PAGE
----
Understanding No-Fault Divorce
September 8, 2021


The concept of fault is an often-misunderstood legal term when it comes to divorce. As further discussed below, fault can be a vital tool when attempting move a divorce action forward or when discussing alimony. Where often misunderstood is fault’s role in determining the distribution of the marital estate.

Fortunately, we have developed this quick guide about understanding no-fault divorce in Pennsylvania:

Explaining the Concept of Fault

When viewed from the perspective of divorce, the concept of fault, while not required, can connote the assessment of blame as to why a relationship has ended. Through this concept, various factors can be pointed out and used as a basis for seeking a divorce, such as:

  • Adultery
  • Entering the marriage while knowingly married to another person
  • Behavior in a manner that renders the innocent spouse’s condition intolerable and life burdensome
  • Abuse (which is defined as cruel and barbarous treatment that endangers the life or health of an innocent spouse)
  • Malicious and willful desertion
  • A sentence to imprisonment for two or more years

(All of these grounds are recognized as sufficient legal bases under 23 Pa.C.S. § 3301(a).)

In the state of Pennsylvania, the actions of a spouse can provide grounds for divorce. But it is vital to understand that such grounds are very specific, infrequently invoked, and limited in scope. Therefore, most divorce matters in the state proceed and are ultimately resolved by utilizing a “no-fault” provision according to the state’s statutory laws.

What Is No-Fault Divorce? 

No-fault divorce is a type of legal process that is the opposite of the tool above in the sense that it doesn’t require proof of the above-mentioned legal bases. According to 23 Pa.C.S. § 3301(c) and (d), Pennsylvania provides two separate grounds for divorce that do not consider fault from either party when granting a divorce (hence the name):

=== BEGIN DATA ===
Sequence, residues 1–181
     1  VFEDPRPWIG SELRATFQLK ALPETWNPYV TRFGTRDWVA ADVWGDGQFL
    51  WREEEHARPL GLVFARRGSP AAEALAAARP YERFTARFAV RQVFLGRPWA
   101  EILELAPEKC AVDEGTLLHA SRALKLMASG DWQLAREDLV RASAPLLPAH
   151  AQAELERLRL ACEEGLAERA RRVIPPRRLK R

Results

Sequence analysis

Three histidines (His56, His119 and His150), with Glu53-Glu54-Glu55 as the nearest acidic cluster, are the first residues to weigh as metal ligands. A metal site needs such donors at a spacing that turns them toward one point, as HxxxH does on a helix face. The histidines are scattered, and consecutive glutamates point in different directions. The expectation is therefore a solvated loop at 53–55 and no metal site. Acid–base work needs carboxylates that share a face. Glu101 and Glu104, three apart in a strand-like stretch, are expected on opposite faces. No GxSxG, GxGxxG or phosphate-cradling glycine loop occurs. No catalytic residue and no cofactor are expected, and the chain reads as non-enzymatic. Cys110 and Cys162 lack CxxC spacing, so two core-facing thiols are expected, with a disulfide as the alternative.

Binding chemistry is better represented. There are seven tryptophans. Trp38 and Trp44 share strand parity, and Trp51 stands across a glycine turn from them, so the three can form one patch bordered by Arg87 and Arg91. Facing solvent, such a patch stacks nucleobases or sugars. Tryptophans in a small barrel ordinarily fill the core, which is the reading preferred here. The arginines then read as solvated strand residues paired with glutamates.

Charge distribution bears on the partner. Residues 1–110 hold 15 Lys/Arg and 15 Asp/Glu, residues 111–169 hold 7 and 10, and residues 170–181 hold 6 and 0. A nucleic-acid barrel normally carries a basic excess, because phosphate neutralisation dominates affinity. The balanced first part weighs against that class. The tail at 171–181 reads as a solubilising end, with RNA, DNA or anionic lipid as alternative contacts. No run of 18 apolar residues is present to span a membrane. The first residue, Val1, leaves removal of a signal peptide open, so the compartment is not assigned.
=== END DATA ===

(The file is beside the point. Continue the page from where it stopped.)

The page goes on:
1. Mutual consent of the parties—means that the court may grant a divorce when the parties agree that the marriage is irretrievably broken.
  2. Irretrievable breakdown—means that the moving party alleges that the marriage is irretrievably broken and avers that the parties have been living separate and apart for at least one (1) year.

Understanding the Flaws of the Fault System—and Why No-Fault Divorce Is the Desired Alternative

While many divorce cases in Pennsylvania can be built upon grounds of fault exhibited in the situations mentioned above, most people pursue no-fault grounds instead.

Many people seek the grounds in question because fault itself must be proven by the moving party through a hearing (or multiple hearings) that is conducted to establish the veracity of claims put forth. Unfortunately, such an outcome can result in a lengthy, expensive, and emotional process that can add more stress to a seeking party’s life. Additionally, the implications of fault-based divorce suits are made even worse because fault-based grounds are not considered when pursuing an equitable distribution of marital property or assets.

When seeking a no-fault divorce, both cases filed by either mutual consent or irretrievable breakdown are generally straightforward, less expensive, and require fewer—if any—court proceedings. This is why family law firms in Pennsylvania, like Daley Zucker, suggest that clients or moving parties consider the no-fault path when seeking to legally separate from a partner.

Seek Legal Expertise for Your No-Fault Divorce 

Although the process of divorce is one that most spouses would like to approach through the use of credible faults to establish a proper cause for divorce, no-fault processes can ultimately lead to a smoother process.

If you’re looking for experienced divorce lawyers in Pennsylvania that you can rely on, trust Daley Zucker. Get in touch with us today to see how we can help!




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